Is it OK to pray for yourself? Yes, absolutely yes!
In fact, not only is it OK, but the Bible commands it. I do not mean that we are to ask for anything and everything we want with the expectation that God will deliver on cue. Nor am I suggesting that we focus our asking on creature comforts, material prosperity or earthly pleasures.
Scripture urges us to ask for the things that God wants for us—the spiritual riches that will enhance, strengthen and beautify our lives in Christ. And in asking, we are praying the best things possible for ourselves!
My life was forever changed the day I discovered this simple yet profound truth. It happened as I prepared to preach a sermon on 1 John 5:14-15. The first line reads, “This is the confidence that we have in Him, that if we ask anything (in accord with) His will, He hears us” (material in parentheses added).
As I worked through the original Greek of this text, I discovered three important things.
- First, the Greek verb for ask means “continue to ask.”
- Second, that same verb means “ask [for ourselves].”*
- Third, the word hear means “agree to grant.”
So in the original language, that verse literally says, “This is the confidence we have in approaching God: that if we continue to ask for ourselves, anything in accord with His will, He agrees to grant it” (italics added). Wow! What a promise!
Having discovered that incredible promise, my next question was, “Lord, how can I know what is in accord with Your will?”
The answer was not long in coming. The Spirit led me to Romans 8:29, reminding me that it is God’s will for me to be conformed to the likeness of His Son.
So I did a simple thing. I prayed daily for the Father to conform me to the likeness of Christ. What happened in the following months was both wonderful and painful—wonderful because of God’s gifts of grace, painful because I had some not-so-Christlike flaws I had to deal with. Nevertheless, His answers fully confirmed His promise. God’s answers were so real and confirming that I soon began adding other requests that were “in accord with God’s will.” My first short list included three basic requests:
- Lord, make me a man of prayer.
- Lord, make me a man of the Word.
- Lord, help me to share my faith.
After praying those prayers for years, I found that prayer, Bible study, and evangelism had become the main themes of my life and ministry. Way to go, God!
Jesus Makes It About You
In the years that followed that life-changing discovery, other Scriptures came to light that confirmed His amazing promise. In the middle of the Sermon on the Mount, Jesus unabashedly commands us to pray for ourselves: “Ask and it will be given to you; seek and you will find; knock and the door will be opened to you” (Matt. 7:7, emphasis added).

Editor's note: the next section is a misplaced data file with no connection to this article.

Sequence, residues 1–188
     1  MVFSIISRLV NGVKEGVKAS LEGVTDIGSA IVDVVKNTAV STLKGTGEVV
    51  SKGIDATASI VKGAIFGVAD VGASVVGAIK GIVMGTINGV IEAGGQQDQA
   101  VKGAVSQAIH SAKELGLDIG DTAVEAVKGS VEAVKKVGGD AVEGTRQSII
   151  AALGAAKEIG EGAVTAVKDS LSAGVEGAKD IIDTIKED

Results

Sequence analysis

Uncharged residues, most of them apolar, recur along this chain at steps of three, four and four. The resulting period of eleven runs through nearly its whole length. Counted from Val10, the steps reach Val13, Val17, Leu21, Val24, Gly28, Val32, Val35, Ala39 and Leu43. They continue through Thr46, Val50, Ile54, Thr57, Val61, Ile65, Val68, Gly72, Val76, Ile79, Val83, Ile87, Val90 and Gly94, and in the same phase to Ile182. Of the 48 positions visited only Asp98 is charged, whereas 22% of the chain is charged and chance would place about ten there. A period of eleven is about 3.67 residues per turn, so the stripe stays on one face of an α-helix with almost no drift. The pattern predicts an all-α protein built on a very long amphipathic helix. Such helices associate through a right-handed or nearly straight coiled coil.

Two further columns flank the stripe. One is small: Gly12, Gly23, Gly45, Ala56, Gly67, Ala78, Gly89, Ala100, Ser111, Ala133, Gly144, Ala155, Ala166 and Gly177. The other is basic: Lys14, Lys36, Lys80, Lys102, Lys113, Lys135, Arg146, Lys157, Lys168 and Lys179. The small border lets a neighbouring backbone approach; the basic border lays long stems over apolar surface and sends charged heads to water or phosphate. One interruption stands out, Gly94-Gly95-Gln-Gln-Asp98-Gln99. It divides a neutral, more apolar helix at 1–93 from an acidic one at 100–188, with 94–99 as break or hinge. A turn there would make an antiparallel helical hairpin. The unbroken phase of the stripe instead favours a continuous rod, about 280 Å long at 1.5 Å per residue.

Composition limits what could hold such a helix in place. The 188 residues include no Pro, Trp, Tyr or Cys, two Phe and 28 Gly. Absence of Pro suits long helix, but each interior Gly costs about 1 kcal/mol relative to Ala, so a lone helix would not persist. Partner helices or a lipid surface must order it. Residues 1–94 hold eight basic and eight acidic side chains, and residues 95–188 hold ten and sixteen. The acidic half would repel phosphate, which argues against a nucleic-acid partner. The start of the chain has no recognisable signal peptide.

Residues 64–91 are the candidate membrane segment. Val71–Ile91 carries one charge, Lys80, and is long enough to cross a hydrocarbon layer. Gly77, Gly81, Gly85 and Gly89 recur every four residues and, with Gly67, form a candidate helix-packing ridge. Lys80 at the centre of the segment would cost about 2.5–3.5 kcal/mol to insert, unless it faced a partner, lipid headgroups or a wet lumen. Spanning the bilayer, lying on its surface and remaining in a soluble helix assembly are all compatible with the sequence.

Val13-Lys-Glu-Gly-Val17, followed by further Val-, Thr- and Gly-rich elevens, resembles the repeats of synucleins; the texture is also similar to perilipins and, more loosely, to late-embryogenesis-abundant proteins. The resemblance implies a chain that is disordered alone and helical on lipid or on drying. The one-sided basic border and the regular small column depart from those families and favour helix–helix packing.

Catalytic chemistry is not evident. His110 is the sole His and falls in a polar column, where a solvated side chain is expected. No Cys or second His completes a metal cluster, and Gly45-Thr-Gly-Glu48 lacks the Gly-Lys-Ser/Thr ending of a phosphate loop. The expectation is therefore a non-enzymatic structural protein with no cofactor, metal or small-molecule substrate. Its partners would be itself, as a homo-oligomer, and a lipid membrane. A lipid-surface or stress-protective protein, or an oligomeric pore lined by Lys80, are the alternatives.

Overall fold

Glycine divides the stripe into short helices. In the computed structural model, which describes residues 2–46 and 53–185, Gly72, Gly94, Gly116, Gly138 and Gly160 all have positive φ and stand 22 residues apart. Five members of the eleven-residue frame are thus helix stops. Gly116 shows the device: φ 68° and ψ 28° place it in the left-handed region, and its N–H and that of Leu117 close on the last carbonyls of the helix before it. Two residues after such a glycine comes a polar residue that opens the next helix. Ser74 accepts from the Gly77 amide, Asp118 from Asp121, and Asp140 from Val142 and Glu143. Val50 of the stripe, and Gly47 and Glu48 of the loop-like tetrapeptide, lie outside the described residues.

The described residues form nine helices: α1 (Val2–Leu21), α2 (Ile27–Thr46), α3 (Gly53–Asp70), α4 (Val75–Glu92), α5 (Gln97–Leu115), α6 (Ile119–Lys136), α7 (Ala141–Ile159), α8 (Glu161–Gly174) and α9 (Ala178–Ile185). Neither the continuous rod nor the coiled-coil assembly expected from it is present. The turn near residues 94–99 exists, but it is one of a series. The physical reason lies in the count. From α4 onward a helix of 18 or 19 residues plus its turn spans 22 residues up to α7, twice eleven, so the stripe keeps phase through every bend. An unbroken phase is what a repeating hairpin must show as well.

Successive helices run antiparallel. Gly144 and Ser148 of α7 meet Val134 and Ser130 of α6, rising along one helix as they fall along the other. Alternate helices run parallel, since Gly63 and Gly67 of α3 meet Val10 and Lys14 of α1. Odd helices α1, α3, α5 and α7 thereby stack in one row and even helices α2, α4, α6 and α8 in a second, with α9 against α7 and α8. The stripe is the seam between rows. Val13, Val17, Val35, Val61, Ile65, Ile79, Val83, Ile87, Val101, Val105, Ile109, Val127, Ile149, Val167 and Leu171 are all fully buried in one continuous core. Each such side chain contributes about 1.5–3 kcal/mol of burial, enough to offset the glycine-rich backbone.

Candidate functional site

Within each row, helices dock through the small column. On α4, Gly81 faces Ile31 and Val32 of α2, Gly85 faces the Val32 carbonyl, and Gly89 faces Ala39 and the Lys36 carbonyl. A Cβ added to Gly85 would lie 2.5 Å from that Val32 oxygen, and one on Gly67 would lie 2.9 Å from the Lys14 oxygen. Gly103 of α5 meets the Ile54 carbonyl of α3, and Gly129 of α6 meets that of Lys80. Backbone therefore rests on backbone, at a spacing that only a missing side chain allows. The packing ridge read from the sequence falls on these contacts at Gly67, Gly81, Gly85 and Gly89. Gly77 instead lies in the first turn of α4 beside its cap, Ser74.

In verse 11 Jesus tops off that command with a promise. Comparing His Father’s generosity with the giving patterns of earthly parents, He says, “How much more will your Father in heaven give good gifts to those who ask him!” The “good gifts” the Father gives to “ask-ers” are most certainly spiritual riches “in accord with His will.” To my surprise, I found that Jesus used the same verb with the same meaning in His final comments to His disciples before He went to the cross. He said: “If you remain in Me, and My words remain in you, you will ask (for yourselves) whatever you desire, and it shall be done for you” (John 15:7, parenthetical words added). Why is that promise here?
The disciples had just heard Him say, “apart from Me you can do nothing” (v. 5). That being true, their only hope for doing anything for Christ in the days ahead was to ask for and receive His help. That is also the only way that you or I will be able to do anything worthwhile for Christ. “Whether we like it or not,” said Charles H. Spurgeon, “asking is the rule of the kingdom.”
At least three things happen when we ask and receive God’s blessings for ourselves.
First, asking cultivates gratitude. You don’t say thank you to a vending machine. You do say thank you to a generous person. Asking makes us aware of the giving Father and His generosity, and it makes us grateful to Him. If the Father simply vended His spiritual riches to us without our having to ask, I doubt that we would return thanks to Him very often.
Second, asking and receiving fosters humility. If we could live our Christian lives without God’s help, we would have reason for pride. Of course we cannot, so we have to ask. Asking and receiving spiritual riches puts us in the debt of our generous Father and moves us to give Him the credit for our spiritual well-being. Giving God the credit He deserves is the very essence of humility.
Third, asking for spiritual riches is key to the abundant life. If we can ask for spiritual riches with absolute assurance that God will “agree to grant” those riches, there is nothing to stop us from going for the max—asking for faith, hope, love, joy, peace, grace, goodness, kindness, self-control, holiness, godliness, righteousness, faithfulness, fruitfulness, wisdom, knowledge, purity, humility, and more. The more spiritual fruit we ask for, the more we will receive. The more we receive, the more we will experience the abundant life.
But what if we don’t ask? Isn’t it possible that God will give us His riches even if we don’t ask? There is no doubt that God is gracious and, in His grace, He gives and gives and gives—sometimes even when we don’t ask. However, James, writing to impoverished believers, underscores the seriousness of not asking: “You do not have because you do not ask God” (James 4:2). Failing to ask is a grave oversight that leads inevitably to spiritual poverty.